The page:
We got a little clue about the politics of the new Board of Supes today when the board voted 7-4 to confirm Cindy Elias to another four-year term on the Police Commission.
The move comes a day before the commission is set to adopt a new policy limiting so-called “pretext” stops used by the cops to hassle Black and Brown motorists.
Mayor London Breed was unhappy that Elias became commission president, and doesn’t want the panel to adopt the reforms, which Elias has consistently supported.
Sup. Matt Dorsey, who had been appointed by the mayor before winning a full term in November, said he wanted to see more police activity around arresting dealers of Fentanyl, and that he wanted to see the drugs confiscated and the dealers off the streets. Because he said he didn’t see Elias as an ally in that effort, he wasn’t going to support her.
Sup. Myrna Melgar then noted that the Police Commission doesn’t set sentencing guidelines for convicted criminals, nor does the commission determine who is released while awaiting trial.
The vote: Dorsey, newly elected Sup. Joel Engardio, Sup. Rafael Mandelman, and Sup. Catherine Stefani all voted No. The remainder, including Sup. Ahsha Safai, who often votes with the more conservative members, voted to confirm.
Worth noting that Safai, by all accounts, is considering a challenge to Mayor London Breed next year.
Meanwhile, the Police Commission, which has four appointees of the mayor and three appointees of the supes, is set Wednesday/8 to vote on what advocates call “the most comprehensive policy in the country to address racially-biased traffic stops.”
The policy would bar the local cops from using minor issues—say, a license plate that isn’t property attached—from pulling a driver over and then seeking to search the person or the vehicle.
It goes further: The policy would ban SF cops from some types of low-level traffic stops, since most of the people stopped under those codes are Black and Brown.
Serious traffic violations, like speeding, failing to yield to pedestrians, running stop signs or red lights—the stuff that actually poses a threat to public safety—aren’t impacted by the policy:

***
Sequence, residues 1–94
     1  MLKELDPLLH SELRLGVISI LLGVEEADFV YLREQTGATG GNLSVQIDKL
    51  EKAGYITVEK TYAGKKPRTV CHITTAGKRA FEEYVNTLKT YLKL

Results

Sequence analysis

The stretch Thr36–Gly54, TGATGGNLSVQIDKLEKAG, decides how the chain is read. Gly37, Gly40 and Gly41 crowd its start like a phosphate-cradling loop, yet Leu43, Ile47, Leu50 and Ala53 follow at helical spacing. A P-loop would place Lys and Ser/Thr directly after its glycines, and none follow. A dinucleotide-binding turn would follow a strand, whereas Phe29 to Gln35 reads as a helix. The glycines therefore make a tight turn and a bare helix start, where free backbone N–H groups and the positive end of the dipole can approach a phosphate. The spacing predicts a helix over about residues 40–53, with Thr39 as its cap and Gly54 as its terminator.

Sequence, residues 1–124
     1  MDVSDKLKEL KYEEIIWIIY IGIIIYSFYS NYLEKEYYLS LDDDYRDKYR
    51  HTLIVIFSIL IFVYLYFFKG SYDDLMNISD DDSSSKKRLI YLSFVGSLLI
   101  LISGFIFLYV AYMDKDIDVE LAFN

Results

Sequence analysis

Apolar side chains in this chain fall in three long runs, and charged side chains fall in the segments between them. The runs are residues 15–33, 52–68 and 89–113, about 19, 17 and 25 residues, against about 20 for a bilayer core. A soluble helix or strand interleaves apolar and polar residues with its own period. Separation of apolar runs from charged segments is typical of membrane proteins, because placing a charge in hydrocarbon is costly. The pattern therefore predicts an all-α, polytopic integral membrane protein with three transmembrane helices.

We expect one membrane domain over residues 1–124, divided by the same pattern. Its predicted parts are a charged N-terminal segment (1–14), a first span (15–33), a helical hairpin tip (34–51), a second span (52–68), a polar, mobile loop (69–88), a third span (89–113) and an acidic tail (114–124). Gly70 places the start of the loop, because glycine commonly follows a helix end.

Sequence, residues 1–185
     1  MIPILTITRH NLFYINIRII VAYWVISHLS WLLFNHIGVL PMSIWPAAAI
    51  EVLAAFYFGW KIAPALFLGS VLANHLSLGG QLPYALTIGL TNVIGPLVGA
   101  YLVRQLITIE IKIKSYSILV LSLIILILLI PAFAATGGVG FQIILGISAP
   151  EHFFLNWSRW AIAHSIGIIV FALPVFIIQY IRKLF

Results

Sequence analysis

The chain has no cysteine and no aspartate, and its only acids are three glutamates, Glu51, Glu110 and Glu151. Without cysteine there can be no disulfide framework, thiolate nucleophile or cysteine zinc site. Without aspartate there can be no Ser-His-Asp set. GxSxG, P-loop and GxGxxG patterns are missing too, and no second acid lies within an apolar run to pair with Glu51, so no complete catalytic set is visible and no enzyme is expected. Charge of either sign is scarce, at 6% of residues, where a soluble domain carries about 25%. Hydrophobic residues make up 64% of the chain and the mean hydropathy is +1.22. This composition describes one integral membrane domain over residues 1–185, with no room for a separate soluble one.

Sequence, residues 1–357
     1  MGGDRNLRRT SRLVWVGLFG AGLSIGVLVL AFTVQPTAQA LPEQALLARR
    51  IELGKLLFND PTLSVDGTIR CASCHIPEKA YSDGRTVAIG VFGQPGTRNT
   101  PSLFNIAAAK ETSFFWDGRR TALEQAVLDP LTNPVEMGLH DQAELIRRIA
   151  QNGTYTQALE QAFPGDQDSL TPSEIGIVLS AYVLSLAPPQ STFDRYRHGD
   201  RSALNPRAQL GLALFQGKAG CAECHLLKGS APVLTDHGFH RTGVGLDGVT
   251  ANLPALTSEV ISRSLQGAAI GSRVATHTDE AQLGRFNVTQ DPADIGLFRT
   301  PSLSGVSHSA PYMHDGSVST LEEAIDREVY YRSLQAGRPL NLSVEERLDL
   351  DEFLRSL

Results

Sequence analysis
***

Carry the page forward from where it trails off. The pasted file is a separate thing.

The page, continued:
Let’s start with some basics here: the policy that some commissioners are promoting are neither radical nor out of step with the data or with what other communities are doing.
It aims to take the cops, to the extent possible, out of traffic enforcement, since the data on that is very clear: Of the moving violations SF cops issued in the past few years, the overwhelming number have gone to Black and Latino drivers.
At the Police Commission last week, Jacob Denney, who is the economic justice policy director at SPUR (and before you gasp at his current affiliation, which does not have a history of supporting economic justice, Denney has a long and distinguished career in the field), presented devastating data:
Black drivers are five times more likely than white drivers to be stopped for a traffic violation, and most of the time there is no actual citation issued (that is, the cops just pull the drivers over and hassle them but find no legal ground to write a ticket). Most Black traffic stops involve minor issues like improperly displaced license plates; most white people are only stopped for things like speeding and failure to yield to pedestrians—violations that could actually hurt someone.
Four of the commission members have supported the new policy, including Elias, who is the president; Max Carter-Oberstone, who is a Breed appointee but a leader in advocating for the new rules, will be at a press conference Wednesday morning with more than 100 community groups and leaders urging the panel to vote for the changes.
The commission meeting starts at 5:30pm.